It is disappointing that our previous Auditors have yet to finish the 2020/21 accounts or even start on those from 2021/22 and 2022/23. It is crucial to have an independent assessment of our Council's finances, especially given the challenges the public sector is facing, with some councils facing severe financial difficulties.


Having said all that, I hope this statement provides some reassurance about our current and future financial position, supported by our Section 151 Officer's statement in the report.


Interestingly, our new Auditors, KPMG, are likely to give their assessment before our previous Auditors do. We expect to receive their initial feedback early in 2024/25.


The significant array of challenges we face highlights the critical importance of getting the budget right. Failing to do so will impose a substantial burden on our residents and businesses, impacting them for years to come. While our tenure as Members may be brief, the repercussions for our District will extend far into the future. It is essential to emphasise that this is the reality confronting residents, confronting Essex, particularly those in areas like Thurrock.


Now that I have outlined the financial situation, it is important to note that there are still opportunities amid these challenges. We have several ongoing projects that are well-funded through external sources, but even they may require extra resources for successful delivery. Our aim is to strike a balance between pursuing ambitious endeavours and ensuring financial viability and sustainability.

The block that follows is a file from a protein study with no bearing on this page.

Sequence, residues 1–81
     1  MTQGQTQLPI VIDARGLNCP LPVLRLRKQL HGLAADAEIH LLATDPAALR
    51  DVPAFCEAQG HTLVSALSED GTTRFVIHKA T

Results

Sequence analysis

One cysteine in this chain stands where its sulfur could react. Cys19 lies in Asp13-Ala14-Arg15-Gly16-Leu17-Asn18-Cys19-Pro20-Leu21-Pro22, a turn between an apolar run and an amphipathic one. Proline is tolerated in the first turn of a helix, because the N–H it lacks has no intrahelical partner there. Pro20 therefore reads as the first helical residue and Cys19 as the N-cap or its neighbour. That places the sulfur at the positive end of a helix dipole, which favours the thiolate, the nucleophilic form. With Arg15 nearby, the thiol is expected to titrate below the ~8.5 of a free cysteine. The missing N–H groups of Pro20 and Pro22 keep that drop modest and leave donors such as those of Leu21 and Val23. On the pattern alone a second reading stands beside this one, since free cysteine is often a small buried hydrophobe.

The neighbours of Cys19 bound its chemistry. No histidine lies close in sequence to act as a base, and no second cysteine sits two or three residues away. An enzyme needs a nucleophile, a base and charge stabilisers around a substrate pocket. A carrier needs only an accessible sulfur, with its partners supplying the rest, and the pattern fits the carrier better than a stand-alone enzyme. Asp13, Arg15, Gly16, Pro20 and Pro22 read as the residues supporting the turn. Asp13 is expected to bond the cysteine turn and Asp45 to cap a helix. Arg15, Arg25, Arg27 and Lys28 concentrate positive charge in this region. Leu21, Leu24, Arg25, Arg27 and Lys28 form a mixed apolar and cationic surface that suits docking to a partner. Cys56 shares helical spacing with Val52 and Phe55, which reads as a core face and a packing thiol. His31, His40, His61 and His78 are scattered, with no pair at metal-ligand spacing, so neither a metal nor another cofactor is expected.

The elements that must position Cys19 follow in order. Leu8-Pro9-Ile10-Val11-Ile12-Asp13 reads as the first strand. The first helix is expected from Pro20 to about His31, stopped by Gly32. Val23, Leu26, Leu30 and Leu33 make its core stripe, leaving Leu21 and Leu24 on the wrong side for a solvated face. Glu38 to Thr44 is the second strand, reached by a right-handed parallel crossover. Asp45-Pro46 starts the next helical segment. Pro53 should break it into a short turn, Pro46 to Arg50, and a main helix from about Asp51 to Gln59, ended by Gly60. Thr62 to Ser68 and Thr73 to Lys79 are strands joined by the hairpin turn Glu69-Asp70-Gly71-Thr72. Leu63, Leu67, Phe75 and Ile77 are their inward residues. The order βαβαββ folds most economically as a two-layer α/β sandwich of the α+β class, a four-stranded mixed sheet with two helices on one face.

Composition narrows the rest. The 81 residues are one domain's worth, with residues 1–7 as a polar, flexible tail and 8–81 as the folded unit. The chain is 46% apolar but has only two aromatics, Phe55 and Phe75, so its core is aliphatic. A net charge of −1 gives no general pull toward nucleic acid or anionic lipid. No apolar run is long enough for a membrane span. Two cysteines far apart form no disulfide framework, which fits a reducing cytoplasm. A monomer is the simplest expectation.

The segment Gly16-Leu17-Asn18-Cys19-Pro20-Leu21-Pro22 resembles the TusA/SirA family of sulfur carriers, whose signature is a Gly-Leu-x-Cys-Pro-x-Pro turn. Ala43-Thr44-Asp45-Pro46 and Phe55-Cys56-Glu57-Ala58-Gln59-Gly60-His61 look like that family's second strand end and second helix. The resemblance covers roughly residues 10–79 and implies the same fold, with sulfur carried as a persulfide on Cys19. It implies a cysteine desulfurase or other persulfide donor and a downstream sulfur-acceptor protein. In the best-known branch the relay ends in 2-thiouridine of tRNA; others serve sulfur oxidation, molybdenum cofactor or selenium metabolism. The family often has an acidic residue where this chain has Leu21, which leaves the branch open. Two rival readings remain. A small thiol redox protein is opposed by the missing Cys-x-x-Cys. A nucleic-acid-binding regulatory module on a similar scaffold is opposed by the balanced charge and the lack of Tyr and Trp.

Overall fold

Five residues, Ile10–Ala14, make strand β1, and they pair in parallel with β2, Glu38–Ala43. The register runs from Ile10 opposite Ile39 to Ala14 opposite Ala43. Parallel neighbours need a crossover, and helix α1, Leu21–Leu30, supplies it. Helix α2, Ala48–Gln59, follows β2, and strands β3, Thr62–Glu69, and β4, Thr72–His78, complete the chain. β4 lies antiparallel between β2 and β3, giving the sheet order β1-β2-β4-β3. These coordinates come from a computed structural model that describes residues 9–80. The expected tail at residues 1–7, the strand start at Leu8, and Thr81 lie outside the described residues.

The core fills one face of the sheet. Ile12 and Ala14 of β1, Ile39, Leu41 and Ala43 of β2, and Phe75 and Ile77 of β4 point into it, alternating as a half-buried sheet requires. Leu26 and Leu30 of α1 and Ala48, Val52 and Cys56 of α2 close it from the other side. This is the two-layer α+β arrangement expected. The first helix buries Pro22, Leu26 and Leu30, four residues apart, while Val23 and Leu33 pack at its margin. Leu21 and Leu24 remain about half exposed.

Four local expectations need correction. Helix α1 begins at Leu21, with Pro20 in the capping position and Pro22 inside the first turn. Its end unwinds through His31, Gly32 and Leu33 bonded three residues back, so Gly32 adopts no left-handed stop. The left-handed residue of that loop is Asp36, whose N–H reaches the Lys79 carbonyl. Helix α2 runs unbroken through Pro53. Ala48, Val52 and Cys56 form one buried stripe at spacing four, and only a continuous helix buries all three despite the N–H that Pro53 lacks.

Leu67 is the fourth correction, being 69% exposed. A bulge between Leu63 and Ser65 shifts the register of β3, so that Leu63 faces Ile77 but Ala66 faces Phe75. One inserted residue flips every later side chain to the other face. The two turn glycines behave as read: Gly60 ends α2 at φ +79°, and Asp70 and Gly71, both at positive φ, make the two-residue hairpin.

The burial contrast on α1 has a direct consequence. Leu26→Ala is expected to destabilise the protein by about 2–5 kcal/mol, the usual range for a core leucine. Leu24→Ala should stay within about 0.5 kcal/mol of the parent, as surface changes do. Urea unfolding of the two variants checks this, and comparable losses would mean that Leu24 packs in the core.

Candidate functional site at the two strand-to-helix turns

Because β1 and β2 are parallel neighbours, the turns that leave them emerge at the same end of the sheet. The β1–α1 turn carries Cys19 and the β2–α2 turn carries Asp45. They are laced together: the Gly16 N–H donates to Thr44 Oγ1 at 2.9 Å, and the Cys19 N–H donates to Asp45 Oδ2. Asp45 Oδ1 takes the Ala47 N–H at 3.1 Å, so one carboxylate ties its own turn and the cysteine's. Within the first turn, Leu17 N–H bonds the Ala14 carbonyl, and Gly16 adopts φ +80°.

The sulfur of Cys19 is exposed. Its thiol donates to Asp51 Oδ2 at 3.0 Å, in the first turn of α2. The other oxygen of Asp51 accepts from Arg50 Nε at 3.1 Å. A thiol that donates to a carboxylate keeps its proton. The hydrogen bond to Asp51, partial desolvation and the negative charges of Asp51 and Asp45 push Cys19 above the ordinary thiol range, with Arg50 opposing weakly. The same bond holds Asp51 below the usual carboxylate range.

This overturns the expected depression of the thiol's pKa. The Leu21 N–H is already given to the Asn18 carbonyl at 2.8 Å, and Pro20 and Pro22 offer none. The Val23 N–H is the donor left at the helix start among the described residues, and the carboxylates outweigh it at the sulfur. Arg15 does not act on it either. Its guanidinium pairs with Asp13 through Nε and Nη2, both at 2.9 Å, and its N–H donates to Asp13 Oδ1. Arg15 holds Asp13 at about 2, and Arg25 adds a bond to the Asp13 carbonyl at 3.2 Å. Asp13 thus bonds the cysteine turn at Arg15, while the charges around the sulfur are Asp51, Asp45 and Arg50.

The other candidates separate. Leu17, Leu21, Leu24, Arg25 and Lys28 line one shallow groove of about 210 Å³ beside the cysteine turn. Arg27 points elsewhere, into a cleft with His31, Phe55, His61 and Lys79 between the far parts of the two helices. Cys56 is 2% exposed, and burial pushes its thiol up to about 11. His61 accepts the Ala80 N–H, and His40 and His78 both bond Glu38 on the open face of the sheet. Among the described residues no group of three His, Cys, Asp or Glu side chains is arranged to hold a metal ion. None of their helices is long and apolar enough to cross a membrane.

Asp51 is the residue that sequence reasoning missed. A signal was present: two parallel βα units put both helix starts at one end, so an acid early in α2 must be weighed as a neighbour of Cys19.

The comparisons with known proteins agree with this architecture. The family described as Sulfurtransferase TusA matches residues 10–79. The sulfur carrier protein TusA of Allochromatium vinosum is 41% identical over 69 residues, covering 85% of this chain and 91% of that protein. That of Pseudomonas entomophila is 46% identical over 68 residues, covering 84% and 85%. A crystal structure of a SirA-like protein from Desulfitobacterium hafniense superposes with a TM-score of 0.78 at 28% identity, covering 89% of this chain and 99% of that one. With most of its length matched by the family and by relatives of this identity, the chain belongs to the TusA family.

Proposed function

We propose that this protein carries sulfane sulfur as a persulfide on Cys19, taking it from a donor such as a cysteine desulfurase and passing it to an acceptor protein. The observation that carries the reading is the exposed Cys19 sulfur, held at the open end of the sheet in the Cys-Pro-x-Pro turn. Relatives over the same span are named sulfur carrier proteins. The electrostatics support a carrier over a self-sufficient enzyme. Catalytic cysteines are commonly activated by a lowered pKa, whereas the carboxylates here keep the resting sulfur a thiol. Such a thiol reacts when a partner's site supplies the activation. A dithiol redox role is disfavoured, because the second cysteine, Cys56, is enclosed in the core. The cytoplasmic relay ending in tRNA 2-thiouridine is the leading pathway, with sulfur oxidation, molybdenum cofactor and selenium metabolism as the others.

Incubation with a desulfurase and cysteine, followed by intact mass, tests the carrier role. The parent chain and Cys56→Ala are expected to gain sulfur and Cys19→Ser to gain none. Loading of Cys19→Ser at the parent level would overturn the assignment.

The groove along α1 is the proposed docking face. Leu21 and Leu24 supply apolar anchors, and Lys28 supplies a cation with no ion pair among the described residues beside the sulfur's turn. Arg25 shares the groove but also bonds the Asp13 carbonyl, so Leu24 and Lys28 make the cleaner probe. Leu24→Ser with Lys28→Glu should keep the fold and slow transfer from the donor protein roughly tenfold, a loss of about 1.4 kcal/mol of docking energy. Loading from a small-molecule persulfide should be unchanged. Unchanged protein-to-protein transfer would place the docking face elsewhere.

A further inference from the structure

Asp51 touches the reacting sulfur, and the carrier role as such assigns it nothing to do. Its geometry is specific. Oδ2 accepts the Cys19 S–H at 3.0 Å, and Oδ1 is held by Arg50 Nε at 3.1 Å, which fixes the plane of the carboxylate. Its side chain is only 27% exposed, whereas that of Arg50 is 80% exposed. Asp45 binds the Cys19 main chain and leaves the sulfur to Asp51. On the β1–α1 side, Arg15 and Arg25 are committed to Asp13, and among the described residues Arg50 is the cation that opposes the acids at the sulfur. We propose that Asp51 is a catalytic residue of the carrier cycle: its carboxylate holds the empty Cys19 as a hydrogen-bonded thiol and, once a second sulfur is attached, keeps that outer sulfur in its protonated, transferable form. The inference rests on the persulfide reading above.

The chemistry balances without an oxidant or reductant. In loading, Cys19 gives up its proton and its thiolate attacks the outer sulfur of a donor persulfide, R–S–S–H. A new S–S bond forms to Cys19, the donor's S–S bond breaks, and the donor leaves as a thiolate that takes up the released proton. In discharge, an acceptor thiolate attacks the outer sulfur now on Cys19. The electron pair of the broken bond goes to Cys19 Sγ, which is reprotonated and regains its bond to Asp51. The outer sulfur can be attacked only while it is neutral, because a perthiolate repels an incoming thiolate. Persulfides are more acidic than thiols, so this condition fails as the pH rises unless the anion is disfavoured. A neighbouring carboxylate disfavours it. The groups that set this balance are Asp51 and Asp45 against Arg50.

When writing this speech I looked to our Corporate Plan, agreed upon by this Council, and to one of the priorities that talked about financial sustainability and openness. The words we set out under this heading put a good marker down about how we intend to continue to meet these challenges and are therefore worth repeating as follows:


‘To continue to deliver effective services and get things done we must look after the public purse; that means carefully planning what we do, managing capacity, and prioritising what we focus our time, money and assets on. Tough decisions will not be shied away from, but will be taken transparently, be well-informed, and based upon engagement with our residents. We will give clarity on where the Council spends the money it is provided with.’


I think the above captures our intentions clearly and reflects this Councils continued commitment to strong financial stewardship. It is worth acknowledging the reference to capacity, as while we will continue to be ambitious, the scale and speed that we can deliver the things we want to do will always need to be balanced against our available resources, which includes our amazing Officers as well as money.



I can report that we have already taken action to meet this commitment, as we have been committed to this approach from day one and I would like to share several examples:


    Maintaining a focus on the delivery of existing key projects, for example, Spendells House in Walton and the Honeycroft Scheme in Lawford, which will both have a favourable impact on the Councils finances.


    Continuing to be a lead voice in responding to the financial challenges posed by our membership of the North Essex Parking Partnership 


       Maximising external funding opportunities such as those associated with the Governments Levelling Up agenda. This not only includes specific capital projects in Clacton and Dovercourt but also involves exploring further key improvements across the district via the wider Levelling Up Partnership and the High Streets Accelerator scheme. We expect to be granted over £60m in the coming years specifically earmarked for regenerating Clacton and Dovercourt town centres.


    Extending the period that council tax premiums on empty properties become payable along with looking to introduce premiums on second homes from April 2025.